The following story contains spoilers for Inferno, both Dan Brown's book and the Ron Howard movie on which it is based. Stop reading now if you don't want to get into the ending of Brown's latest story.

Inferno

Harvard symbologist Robert Langdon is back in action this weekend when Inferno hits theaters, and it reunites Tom Hanks with Ron Howard for the third time. Langdon and Dr. Sienna Brooks (Felicity Jones) are racing the clock to unearth a man-made plague that threatens half of the planet's population... and the way the movie handles the resolution is VERY different from the way it's concluded in the book. STOP reading now, again, if you don't want to know.

In the book, Langdon fails to prevent the virus from being released. But he learns, through the World Health Organization, that it's a vector virus, meaning that it will only trigger DNA modification to cause sterility in one-third of our planet's population. It's a grim, but realistic, ending to the book, and one that the movie jettisons. Ron Howard opts for a happy ending where Tom Hanks and his team reach the bomb and stop it from exploding. Problem solved. During an exclusive press event in Florence, Italy, I was able to ask Dan Brown about the change, and why he allowed it, and he told me:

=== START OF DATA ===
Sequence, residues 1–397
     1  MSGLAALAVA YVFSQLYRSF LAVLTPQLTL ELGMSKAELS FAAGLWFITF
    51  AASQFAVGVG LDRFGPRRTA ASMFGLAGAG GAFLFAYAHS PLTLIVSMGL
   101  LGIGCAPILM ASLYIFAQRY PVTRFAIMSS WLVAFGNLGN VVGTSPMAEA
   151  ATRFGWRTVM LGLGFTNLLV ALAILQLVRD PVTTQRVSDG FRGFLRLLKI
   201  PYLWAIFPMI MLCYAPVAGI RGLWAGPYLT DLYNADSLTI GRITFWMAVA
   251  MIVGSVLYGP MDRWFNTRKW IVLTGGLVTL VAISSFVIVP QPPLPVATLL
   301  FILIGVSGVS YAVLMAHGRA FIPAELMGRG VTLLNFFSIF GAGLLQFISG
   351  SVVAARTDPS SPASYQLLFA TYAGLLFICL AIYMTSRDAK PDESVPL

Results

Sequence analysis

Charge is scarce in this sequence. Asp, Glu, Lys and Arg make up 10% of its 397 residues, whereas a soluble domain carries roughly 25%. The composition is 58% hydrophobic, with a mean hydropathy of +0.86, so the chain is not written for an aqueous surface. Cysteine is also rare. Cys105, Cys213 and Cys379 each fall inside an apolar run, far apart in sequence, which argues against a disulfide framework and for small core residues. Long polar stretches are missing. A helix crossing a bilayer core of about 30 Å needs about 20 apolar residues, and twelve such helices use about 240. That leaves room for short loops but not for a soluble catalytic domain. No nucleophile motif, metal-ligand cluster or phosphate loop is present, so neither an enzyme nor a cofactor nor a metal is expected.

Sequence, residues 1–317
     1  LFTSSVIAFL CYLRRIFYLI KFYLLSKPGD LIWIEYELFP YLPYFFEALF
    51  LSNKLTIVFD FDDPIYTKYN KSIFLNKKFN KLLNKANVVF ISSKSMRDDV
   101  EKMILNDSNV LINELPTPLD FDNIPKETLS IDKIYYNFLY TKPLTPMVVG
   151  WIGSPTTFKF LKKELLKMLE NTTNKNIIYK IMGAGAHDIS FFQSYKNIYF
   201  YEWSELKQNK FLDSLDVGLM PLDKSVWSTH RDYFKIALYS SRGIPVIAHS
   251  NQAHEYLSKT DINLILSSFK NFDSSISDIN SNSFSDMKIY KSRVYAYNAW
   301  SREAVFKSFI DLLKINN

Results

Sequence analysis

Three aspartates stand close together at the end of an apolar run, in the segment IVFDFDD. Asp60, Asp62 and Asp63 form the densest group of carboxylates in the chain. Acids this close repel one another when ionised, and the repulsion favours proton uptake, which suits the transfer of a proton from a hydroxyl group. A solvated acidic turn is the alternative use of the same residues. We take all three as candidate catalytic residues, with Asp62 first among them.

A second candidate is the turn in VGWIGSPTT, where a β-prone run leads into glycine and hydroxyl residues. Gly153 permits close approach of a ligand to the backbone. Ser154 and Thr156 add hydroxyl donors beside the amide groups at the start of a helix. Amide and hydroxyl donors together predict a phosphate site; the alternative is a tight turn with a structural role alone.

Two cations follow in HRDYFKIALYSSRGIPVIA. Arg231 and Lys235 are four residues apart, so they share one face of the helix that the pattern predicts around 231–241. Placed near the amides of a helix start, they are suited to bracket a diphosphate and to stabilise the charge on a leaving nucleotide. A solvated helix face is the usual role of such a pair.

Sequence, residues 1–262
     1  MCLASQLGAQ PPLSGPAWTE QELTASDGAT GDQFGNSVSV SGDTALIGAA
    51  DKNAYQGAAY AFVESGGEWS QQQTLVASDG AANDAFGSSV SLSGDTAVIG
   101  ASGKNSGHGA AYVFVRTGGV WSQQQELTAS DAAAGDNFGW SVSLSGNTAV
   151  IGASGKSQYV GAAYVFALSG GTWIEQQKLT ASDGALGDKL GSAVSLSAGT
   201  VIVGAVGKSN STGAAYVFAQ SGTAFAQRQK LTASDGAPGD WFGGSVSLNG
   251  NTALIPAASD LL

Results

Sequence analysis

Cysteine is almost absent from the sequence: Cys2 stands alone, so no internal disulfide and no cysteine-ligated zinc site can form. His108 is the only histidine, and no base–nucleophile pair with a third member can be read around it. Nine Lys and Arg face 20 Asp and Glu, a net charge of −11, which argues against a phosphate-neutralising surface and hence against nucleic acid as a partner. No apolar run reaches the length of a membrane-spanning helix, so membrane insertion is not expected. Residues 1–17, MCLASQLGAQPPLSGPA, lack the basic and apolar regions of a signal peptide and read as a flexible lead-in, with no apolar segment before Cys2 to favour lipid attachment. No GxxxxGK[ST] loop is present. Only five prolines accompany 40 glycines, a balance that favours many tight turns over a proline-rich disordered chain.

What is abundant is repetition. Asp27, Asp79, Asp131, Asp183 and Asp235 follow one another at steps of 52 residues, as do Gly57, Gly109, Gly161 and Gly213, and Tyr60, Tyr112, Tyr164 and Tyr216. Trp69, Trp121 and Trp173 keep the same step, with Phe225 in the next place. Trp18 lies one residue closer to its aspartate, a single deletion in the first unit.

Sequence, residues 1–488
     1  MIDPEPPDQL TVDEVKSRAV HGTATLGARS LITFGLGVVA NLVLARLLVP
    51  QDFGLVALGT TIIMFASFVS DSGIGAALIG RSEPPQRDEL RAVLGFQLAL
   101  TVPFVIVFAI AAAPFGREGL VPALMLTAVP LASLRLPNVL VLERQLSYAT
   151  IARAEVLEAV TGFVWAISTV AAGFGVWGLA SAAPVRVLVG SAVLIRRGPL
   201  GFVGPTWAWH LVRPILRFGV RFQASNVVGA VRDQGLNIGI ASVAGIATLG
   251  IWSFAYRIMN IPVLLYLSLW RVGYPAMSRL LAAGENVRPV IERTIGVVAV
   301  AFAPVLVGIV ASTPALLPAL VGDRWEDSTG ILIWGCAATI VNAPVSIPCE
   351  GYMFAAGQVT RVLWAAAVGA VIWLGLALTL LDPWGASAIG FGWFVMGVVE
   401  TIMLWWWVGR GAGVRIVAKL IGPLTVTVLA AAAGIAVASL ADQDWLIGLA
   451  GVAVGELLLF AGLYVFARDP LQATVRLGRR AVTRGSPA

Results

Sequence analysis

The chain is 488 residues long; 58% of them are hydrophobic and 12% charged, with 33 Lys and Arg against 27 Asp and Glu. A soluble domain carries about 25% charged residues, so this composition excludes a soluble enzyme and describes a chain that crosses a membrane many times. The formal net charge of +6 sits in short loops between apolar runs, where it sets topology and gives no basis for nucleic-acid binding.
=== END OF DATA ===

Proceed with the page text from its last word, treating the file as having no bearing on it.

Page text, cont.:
Anytime you're going to adapt a novel into a movie, a movie that is not 25 hours long, some things are going to have to be simplified. I know that the novel had a subtle, ambiguous ending. This was much more direct, right to the point of it. [But] I'm very lucky. I'm working with great filmmakers and I can just sort of sit back and know that I'm in good hands. Also, my expertise is not movies. I write novels.... I saw the first draft and said, 'Hey, the ending is different. And they said, 'Yep.' And that was pretty much the conversation.

By this point, Dan Brown sounds like he trusts his filmmaking collaborators. And to their credit, Ron Howard and Tom Hanks were largely faithful in their adaptations of The Da Vinci Code and Angels & Demons (though a few exciting moments ended up on the cutting room floor). Howard's thoughts on the matter suggest that Dan Brown's ending wasn't as cinematic as he had hoped, and that while it fit the book, he needs to be more focused -- as the film's director -- in delivering a satisfying movie-going experience. Here's Ron Howard telling me why they changed the ending of Inferno from the book to the movie:

So, which one worked better? Go see Inferno in theaters this weekend, then tell us in the comments below. The movie's already cleaning up overseas, and got off to a mild start in the States on Thursday night but is expected to win the weekend. Inferno stars Tom Hanks, Felicity Jones, Omar Sy and Ben Foster.

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